The profound shock of the conquest for the Javanese was underscored the following day when the Crown Prince was placed on the battered throne. A Javanese coronation was supposed to be an affair of high ceremony, designed to emphasise the semi-divine nature of the sultan. But the hastily convened coronation which the British oversaw took place not in in the Siti Inggil pavilion on the sacred axis between the mountains and the ocean, but in the main hall of the Dutch-built residency. The crown prince was made Sultan Hamengkubuwono III, and when the courtiers rose to the dais to pay him homage John Crawfurd physically pushed them to the floor and forced them to kiss Raffles’ knees in the ultimate Javanese act of submission. In two centuries of Dutch involvement in Java, no aristocrat had made such humiliating homage to a European.
Two days later Raffles wrote to Lord Minto to inform him of his success in Yogyakarta:
The blow which has been struck at Djocjo Carta, has afforded so decisive a proof to the Native Inhabitants of Java of the strength and determination of the British Government, that they now for the first time know their relative situation and importance,’ he wrote; ‘The European power is now for the first time paramount in Java.
Establishing British Rule
With paramountcy assured, a semblance of a settled colonial society emerged in the early years of the interregnum. A weekly newspaper – the Java Government Gazette – rolled off the presses in Batavia, and a few months after the fall of Yogyakarta the first annual Salatiga Races were held in the mountains of Central Java, with horse riding, cricket and a meeting of a new pack of staghounds.
A minor clash of civilisations came about between the brisk newcomers and the old-established European community. Two centuries in the tropics had seen an Indo-Dutch creole culture develop in the ports of Java; generations of European men had married local women, and many ‘Europeans’ in Java were, in fact, mixed race. These Indo-European women often spoke no Dutch; Malay was the language of choice, and they usually dressed in local style sarong and kebaya, even at grand society events. They had, a rather appalled Lord Minto noted, become ‘a mixed breed, are now the wives and ladies of rank and fashion in Java’.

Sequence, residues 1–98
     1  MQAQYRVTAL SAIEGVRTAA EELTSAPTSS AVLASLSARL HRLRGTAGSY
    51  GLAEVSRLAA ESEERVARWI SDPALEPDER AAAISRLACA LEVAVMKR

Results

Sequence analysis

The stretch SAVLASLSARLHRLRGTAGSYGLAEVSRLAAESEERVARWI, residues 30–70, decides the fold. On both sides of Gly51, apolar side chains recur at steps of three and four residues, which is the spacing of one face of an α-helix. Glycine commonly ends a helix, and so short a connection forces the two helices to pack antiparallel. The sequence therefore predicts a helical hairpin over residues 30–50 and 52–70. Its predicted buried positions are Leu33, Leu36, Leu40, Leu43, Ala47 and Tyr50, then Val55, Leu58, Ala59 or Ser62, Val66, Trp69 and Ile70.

In British India, however, the earlier era of the ‘white mughals’ – Englishmen with silk turbans and native bibis – was rapidly passing. Bone fide British wives – including Mrs Olivia Raffles – had joined the invasion, and a change in the dress code was called for. By mid-1812 the Gazette was noting with approval that ‘an improvement has been introduced in respect to the attire of the Dutch Ladies, since the British authority has been established. The Cabaya appears now generally disused and the more elegant English costume adopted.’
The British readily adopted one old Dutch practice, however – slavery. Raffles, Lord Minto and many of the other British had arrived in Java with high Wilberforcian ideals about the Rights of Man. But though they did ban the import of slaves from other islands they quickly discovered that domestic service depended entirely on bondage. There were around 30,000 slaves in European ownership in Java, and without them dinners would go uncooked and clothes unwashed.
Elsewhere, energetic efforts were made to catalogue the relics of Java’s pre-Islamic past. The military engineer Colin Mackenzie (1754-1821) had made an enthusiastic early assessment of the 8th century Hindu temple complex at Prambanan. Raffles – who was planning a grand treatise on the history of Java – employed an experienced Dutch surveyor called Hermanius Cornelius and a British engineer called George Baker to make records of many of the island’s other relics (the oft-repeated claim that Raffles ‘discovered’ the huge Buddhist stupa at Borobudur is untrue, however – it was well known to the locals, and had first been recorded by a Dutchman named Frederik Coyett in 1733), and elsewhere translations of Old Javanese manuscripts were collected. This was all scholarship with an orientalist agenda: ‘Knowledge is power, and in the intercourse between enlightened and ignorant nations, the former must and will be the rulers’. Raffles once wrote.